Tick infections have a major economic impact on livestock in South Africa. To understand the genetic basis of tick infestation levels in South African Nguni beef cattle, we conducted a heritability study and a genome-wide association study (GWAS). Tick data were collected on different body parts over a period of three years in three different Nguni populations (n=500), under natural grazing conditions, with up to 23 monthly measurements per animal. DNA was extracted from hair or blood samples and genotyped using the Illumina BovineSNP50 assay. After QC (call rate >90%, minor allele frequency > 0.02), 40,436 SNPs and 488 individuals were retained. The Bonferroni genome-wide (p<0.05) corrected threshold was 1.24x10-6, with 2.47x10-5 as the suggestive level (i.e. one false positive per genome scan). Fixed effects comprised location, month, year, location-month interaction, age and sex; random effects were animal or sire, and the animal permanent environmental effect. Genetic parameters were estimated using ASREML, whereas the association analysis was conducted using GenABEL. Six Ixodid ticks species were identified with Amblyomma being the dominant species. Heritability estimates ranged from 0 to 0.02, when using animal model with a repeatability of 0.03 to 0.11, and from 0 to 0.13 using the sire model. Genetic correlations ranged from 0.44 to 0.99. Two genome-wide regions (on chromosome 7 and 10) were identified for total tick count on the head and total Amblyomma ticks. Suggestive regions were identified on chromosomes 1, 6, 7, 8, 10, 12, 14, 17, and 26 for several tick traits.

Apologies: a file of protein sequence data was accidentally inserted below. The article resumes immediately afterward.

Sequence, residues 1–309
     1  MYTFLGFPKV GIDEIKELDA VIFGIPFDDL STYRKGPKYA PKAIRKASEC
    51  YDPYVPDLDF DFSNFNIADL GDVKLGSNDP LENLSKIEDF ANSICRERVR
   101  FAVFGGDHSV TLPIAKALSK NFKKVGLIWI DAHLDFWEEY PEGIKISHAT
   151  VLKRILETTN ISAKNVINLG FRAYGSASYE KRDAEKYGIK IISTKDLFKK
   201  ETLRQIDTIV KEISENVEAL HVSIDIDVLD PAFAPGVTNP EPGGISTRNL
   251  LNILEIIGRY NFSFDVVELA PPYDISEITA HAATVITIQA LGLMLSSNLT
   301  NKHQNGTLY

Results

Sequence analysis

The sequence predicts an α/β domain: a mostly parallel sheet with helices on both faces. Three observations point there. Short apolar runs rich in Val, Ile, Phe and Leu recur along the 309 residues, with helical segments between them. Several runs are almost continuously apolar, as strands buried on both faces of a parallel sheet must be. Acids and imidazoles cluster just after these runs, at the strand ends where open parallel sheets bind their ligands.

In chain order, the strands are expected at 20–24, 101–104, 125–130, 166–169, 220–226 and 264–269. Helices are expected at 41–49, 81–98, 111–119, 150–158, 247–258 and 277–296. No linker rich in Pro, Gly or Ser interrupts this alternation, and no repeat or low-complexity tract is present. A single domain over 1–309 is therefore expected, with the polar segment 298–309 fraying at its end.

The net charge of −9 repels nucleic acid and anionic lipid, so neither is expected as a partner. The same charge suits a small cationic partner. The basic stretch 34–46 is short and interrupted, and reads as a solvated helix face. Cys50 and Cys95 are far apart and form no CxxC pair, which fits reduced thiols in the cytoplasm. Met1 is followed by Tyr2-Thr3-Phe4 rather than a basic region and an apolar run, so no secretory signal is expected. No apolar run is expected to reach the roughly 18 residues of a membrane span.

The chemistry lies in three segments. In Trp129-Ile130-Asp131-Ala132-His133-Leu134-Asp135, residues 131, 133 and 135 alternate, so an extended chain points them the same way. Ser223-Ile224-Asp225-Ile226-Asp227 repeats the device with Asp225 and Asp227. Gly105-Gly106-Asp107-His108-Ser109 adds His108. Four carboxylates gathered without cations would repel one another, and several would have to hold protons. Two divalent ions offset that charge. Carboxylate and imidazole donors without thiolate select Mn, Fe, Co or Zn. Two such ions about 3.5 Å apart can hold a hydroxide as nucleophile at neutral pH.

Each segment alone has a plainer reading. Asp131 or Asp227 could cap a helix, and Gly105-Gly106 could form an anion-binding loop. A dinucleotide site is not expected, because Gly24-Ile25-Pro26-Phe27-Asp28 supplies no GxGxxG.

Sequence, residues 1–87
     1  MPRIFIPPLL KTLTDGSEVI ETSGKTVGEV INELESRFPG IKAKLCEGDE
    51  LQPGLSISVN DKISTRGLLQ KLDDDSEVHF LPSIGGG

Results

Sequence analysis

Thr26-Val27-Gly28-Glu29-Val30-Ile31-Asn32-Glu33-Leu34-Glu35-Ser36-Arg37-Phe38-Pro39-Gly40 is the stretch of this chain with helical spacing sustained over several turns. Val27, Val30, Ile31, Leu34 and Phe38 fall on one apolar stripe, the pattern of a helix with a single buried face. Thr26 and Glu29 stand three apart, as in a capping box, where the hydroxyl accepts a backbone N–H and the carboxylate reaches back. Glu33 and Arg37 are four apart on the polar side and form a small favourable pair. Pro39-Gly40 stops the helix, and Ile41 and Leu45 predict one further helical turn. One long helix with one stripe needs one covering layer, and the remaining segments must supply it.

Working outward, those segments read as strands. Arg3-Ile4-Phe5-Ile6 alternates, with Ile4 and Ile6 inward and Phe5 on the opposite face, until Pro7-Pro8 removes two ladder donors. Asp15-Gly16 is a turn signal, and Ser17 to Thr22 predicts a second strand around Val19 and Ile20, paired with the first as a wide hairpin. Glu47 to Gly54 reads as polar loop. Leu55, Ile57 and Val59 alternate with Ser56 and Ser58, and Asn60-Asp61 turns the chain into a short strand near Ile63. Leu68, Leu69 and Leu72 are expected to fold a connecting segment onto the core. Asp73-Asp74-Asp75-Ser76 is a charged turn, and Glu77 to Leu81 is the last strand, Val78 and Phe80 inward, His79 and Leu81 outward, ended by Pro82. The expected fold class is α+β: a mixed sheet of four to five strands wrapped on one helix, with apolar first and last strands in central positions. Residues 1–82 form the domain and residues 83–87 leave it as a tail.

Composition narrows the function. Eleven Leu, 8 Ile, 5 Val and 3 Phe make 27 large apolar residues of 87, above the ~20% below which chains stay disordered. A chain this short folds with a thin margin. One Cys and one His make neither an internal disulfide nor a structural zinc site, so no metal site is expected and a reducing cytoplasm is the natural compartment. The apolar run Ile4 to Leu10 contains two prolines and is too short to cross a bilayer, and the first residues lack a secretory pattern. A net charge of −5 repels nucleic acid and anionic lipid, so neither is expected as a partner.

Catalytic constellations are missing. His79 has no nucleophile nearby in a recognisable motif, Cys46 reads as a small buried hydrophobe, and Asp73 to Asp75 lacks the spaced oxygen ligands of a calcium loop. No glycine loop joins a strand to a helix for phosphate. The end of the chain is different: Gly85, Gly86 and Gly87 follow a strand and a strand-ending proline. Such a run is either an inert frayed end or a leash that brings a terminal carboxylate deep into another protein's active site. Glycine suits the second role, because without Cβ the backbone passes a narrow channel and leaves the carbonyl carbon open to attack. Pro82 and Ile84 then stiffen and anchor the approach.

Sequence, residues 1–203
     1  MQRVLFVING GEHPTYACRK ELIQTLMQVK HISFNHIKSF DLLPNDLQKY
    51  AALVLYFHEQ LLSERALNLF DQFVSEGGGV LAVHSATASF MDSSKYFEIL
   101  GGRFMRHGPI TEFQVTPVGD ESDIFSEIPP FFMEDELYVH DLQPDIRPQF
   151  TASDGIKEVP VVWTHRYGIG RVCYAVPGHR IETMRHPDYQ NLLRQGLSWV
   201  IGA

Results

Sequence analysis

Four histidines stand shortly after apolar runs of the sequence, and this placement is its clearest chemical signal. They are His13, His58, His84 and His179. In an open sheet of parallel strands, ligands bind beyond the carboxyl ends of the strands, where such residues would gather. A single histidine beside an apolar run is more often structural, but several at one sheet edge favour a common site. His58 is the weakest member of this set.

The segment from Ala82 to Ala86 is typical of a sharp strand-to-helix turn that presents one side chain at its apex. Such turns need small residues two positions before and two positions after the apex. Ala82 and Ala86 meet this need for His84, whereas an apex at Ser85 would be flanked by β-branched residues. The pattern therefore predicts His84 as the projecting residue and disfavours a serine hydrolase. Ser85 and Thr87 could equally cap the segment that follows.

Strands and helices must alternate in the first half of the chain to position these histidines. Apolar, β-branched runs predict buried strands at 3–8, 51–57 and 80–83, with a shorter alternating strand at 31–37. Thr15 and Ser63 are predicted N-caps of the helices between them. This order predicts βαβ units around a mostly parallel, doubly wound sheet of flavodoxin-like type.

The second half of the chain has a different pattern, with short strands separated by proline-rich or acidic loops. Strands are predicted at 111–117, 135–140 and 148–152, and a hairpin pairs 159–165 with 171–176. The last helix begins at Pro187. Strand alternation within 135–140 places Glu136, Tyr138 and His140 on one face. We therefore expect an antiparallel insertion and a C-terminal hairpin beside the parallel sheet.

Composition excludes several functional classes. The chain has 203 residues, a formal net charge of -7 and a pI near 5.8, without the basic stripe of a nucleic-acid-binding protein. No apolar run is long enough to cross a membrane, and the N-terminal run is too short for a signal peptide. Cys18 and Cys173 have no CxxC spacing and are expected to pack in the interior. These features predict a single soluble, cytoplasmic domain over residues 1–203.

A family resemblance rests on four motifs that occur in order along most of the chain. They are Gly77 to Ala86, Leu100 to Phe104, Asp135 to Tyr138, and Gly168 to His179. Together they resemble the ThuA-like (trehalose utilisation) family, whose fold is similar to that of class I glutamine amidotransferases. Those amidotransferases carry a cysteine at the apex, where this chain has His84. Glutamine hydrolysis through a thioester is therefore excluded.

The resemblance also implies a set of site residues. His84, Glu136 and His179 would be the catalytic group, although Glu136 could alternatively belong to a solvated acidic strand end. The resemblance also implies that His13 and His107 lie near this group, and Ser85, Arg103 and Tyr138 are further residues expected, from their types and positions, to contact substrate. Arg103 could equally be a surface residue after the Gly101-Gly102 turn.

|Publication status||Published - 2015|
|Event|| International Plant & Animal Genome XXIII (PAG) - San Diego, CA, United States|
Duration: 10 Jan 2015 → 14 Jan 2015
|Conference||International Plant & Animal Genome XXIII (PAG)|
|City||San Diego, CA|
|Period||10/01/15 → 14/01/15|